WASHINGTON— Interest rates on short-term Treasury bills rose in Monday's auction with rates on six-month bills reaching their highest level since July. The Treasury Department auctioned $24 billion in three-month bills at a discount rate of 0.020 percent, up from 0.010 percent last week. For a $10,000 bill, the three-month price was $9,999.49, while a...» Read More
A sprinkling of deal news, sinking oil prices and a firmer dollar are in the background as stocks edge higher Tuesday. The big news for markets though will come in the Federal Reserve's meeting minutes, set for release at 2 p.m. ET. The minutes of the September 18 meeting and the August 16 call will be released. Traders are watching for hints of what made the Fed take the aggressive step to slash the Fed funds rate by a half point, greater than the 1/4 point widely expected.
Mr. Euro -- or the late Wim Duisenberg -- would sympathize with Jean-Claude Trichet’s dilemma. Trichet is facing a hostile cabal of politicians from among the 13 euro-zone governments who want him to cut interest rates to take momentum out of the strengthening single currency.
The Fed and the start of earnings season are two big focuses for stocks Tuesday, after Monday's dullish session. The Fed releases minutes of its September 18 meeting and its August 16 call at 2p ET. This time last week, traders would have been digging into those minutes to find any confirmation of their view that rates will be cut again at the Fed's October 31 meeting.
The dollar gained in quiet trade Monday against most major currencies as investors reassessed risk and bet that Friday's sell-off on a U.S. payrolls report was overdone.
I'm in Dearborn, MI today, preparing for our all-out coverage of the Republican debate tomorrow. No, don't worry, I haven't jumped over to the dark side of reporting, that being politics. I'm here to give a bit of a snapshot of the Michigan real estate market.
Former Federal Reserve Chairman Alan Greenspan said Sunday that the rate of U.S. economic growth was slowing, but the odds of a recession are less than 50%.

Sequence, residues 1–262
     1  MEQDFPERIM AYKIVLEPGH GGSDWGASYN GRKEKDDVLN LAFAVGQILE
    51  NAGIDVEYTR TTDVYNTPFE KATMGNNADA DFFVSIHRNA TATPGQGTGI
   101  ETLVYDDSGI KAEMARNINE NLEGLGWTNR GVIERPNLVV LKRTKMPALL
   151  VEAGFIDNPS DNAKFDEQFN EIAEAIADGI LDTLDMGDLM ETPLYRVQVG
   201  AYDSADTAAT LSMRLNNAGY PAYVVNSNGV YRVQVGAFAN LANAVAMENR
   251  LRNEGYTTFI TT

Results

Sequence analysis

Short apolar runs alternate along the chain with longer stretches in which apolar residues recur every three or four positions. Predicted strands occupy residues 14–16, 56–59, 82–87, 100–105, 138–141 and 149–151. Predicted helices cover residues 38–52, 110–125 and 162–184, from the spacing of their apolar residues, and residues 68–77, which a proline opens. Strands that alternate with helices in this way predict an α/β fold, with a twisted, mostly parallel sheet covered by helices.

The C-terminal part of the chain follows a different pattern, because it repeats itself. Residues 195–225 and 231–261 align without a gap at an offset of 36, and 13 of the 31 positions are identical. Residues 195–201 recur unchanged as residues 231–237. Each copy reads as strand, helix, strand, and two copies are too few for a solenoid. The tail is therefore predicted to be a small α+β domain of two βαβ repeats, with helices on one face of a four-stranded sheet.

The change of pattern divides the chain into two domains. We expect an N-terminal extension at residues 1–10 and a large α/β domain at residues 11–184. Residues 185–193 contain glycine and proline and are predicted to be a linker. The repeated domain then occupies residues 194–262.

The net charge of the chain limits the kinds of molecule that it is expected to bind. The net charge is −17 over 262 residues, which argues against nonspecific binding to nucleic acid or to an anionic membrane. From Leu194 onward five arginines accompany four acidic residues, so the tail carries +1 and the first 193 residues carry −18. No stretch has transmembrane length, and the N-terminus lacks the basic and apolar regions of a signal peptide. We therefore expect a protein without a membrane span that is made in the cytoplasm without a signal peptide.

The U.S. federal budget deficit fell to $161 billion in fiscal 2007 from $248 billion the prior year as growth in tax receipts, fueled by capital gains and other non-withheld income, outstripped spending growth, the Congressional Budget Office said on Friday.
The dollar weakened Friday, after dealers decided a relatively solid U.S. employment report was not enough to move the U.S. economy off a slowing path and keep the Federal Reserve from possibly cutting interest rates.
The Labor Department's jobs number tracks people in the work force, but it doesn't account for millions of workers classified as independent contractors. Now, a battle is brewing over whether contractors like Gupertino Magana are getting a fair deal.
Federal Reserve Vice Chairman Donald Kohn said Friday moderate growth should return to the U.S. economy after a period of weakness due to a prolonged housing slump and higher borrowing costs.
The prepared speech given by Federal Reserve Vice Chairman Donald Kohn on the economic outlook. The speech took place in Philadelphia on October 5, 2007.
The U.S. economy added a solid 110,000 new jobs in September and hiring in each of the two previous months was revised up significantly, the Labor Department said on Friday.
Inflation pressures in the euro zone rose to a seven-year high in August and remain in an upward trend, a report said on Friday.
It's all about the jobs report Friday. Nothing else will matter. The talk in markets all week has been mostly about that number, and the stock market's punkish, sideways behavior Thursday reflects that uncertainty. The Dow rose just 6 points to 13,974. Nasdaq rose 5 to 2733 and S&P 500 was up 3 to 1542.
The euro headed higher against the U.S. dollar Thursday, after orders to U.S. factories fell by their biggest amount in seven months and the European Central Bank agreed to keep interest rates steady at 4 percent.
European stock markets closed mixed after the European Central Bank and the Bank of England held interest rates steady.
Friday's U.S. employment report is expected to show sizable job growth for September, emboldening investors. But that won't end the debate about a possible recession.
During my two days reporting from the Miami area this week, I covered the gamut of stores. A Wal-Mart, a Target, a Whole Foods, a Starbucks and a slew of boutiques in the posh Lincoln Road shopping district. The one thing in common between all of the customers that we spoke with is that all were acutely aware of the housing problems in the area.
With the Dow Jones Industrial Average hovering around 14,000, the question is where the blue-chip heads next: 13,000 or 15,000?
Bank of Japan Deputy Governor Kazumasa Iwata struck a cautious tone on Japan's economic outlook, saying on Thursday that the central bank needs to adjust interest rates by closely examining risks, among them soft stock prices and a higher yen.